Although the Security Rule does not require encryption, if a breach occurs, failure to encrypt is likely to invite scrutiny from OCR, other regulators, and plaintiffs’ attorneys. Moreover, even if ePHI is lost or stolen, breach-reporting obligations may be excused if encryption is in accordance with National Institute of Standards and Technology (NIST) standards.
Explore this issue:June 2014
Risk analysis is a recurring theme in OCR’s resolution agreements and Security Rule guidance. In August 2013, OCR expressed a similar focus on risk analysis when settling with Affinity Health Plan Inc. for returning used photocopy machines without erasing PHI from the copier hard drives. In its press release, OCR stated, “covered entities are required to undertake a careful risk analysis to understand the threats and vulnerabilities to individuals’ data, and have appropriate safeguards in place to protect this information.”
This settlement is a reminder of the importance of taking appropriate steps to protect the privacy and security of PHI. Parties will pay a high price for their failure to take appropriate steps to protect the confidentiality and security of PHI. In addition to the monetary fine, addressing the breach and the resulting investigation will result in other heavy costs. For example, legal and consulting costs can be substantial; attention of staff members and leadership is diverted; and a corrective action plan can be significantly more expensive and time consuming to implement than if effective policies and procedures had been employed. Moreover, it is difficult to quantify the adverse impact of a breach on one’s reputation and relationships. Thus, even when covered entities diligently pursue HIPAA compliance, they should still consider cyber insurance or other means to offset the potential for incurring the immense costs of a breach or investigation.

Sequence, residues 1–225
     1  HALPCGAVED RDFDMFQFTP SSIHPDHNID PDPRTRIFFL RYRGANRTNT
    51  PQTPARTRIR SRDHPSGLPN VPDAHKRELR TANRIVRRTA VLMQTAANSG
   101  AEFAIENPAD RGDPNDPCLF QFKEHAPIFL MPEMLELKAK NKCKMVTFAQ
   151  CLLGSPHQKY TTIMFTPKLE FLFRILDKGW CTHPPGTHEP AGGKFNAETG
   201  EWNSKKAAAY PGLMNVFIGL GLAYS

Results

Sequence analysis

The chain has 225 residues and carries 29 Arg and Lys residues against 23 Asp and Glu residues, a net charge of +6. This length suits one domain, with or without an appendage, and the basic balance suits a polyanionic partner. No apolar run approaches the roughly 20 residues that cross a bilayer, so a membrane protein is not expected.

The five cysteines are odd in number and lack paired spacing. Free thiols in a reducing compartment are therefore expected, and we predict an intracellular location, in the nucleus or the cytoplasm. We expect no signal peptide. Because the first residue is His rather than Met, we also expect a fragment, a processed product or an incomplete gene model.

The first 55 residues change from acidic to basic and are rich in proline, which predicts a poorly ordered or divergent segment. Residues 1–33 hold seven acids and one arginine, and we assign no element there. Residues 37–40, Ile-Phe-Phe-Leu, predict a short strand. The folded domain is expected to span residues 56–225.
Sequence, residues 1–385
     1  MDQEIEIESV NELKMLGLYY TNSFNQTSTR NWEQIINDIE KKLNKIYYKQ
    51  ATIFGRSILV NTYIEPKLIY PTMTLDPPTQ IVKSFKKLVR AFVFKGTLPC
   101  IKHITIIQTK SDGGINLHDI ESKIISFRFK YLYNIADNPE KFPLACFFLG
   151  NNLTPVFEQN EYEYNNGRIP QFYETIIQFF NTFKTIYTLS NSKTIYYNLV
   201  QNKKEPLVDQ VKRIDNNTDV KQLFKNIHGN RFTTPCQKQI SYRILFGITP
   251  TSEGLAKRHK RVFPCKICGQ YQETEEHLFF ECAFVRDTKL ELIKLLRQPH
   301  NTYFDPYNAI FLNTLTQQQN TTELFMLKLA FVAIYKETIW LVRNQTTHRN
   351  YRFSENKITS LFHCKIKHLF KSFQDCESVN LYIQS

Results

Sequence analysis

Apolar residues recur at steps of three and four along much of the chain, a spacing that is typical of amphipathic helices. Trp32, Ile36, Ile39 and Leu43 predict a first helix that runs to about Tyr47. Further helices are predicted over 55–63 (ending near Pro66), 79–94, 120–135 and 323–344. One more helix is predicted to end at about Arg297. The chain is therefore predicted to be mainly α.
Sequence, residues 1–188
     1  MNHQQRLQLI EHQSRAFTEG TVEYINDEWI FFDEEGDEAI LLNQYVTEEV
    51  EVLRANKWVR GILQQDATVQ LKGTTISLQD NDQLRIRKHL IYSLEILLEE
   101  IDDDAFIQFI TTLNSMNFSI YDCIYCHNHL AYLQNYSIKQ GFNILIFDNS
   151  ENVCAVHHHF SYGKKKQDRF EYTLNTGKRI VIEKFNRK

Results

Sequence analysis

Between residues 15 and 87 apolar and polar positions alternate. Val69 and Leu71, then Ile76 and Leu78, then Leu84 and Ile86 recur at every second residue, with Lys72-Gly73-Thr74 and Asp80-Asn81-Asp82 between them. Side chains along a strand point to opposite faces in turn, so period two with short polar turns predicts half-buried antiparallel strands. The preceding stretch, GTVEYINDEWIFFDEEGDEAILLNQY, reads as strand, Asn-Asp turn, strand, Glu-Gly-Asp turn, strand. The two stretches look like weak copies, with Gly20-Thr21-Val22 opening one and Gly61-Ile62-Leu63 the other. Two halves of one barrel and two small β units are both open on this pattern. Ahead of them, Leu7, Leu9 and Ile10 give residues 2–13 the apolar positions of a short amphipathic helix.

To avoid potentially significant costs and liabilities for HIPAA noncompliance and to minimize the likelihood and consequences of a data breach, proactive steps should be taken to ensure that systems, policies, and procedures comply with the HIPAA Rules and applicable state law. Accordingly, consider:
- Reviewing written HIPAA privacy, security, and breach notification policies and procedures, and updating them if necessary;
- Identifying and reviewing all business associate relationships and business associate agreements;
- Assessing potential risks and vulnerabilities to the confidentiality, integrity, and availability of all ePHI through the performance of risk analysis;
- Engaging in risk management to identify and take action on security gaps and promptly correcting identified HIPAA violations;
- Documenting HIPAA-related determinations and actions;
- Training workforce members to comply with the HIPAA Rules and promptly identifying, investigating, and responding to possible data breaches;
- Encrypting ePHI to the extent feasible;
- Avoiding unnecessary disclosures of PHI; and
- Obtaining cyber insurance.
HIPAA compliance is imperative, and taking proactive measures can help you avoid a bigger issue down the road.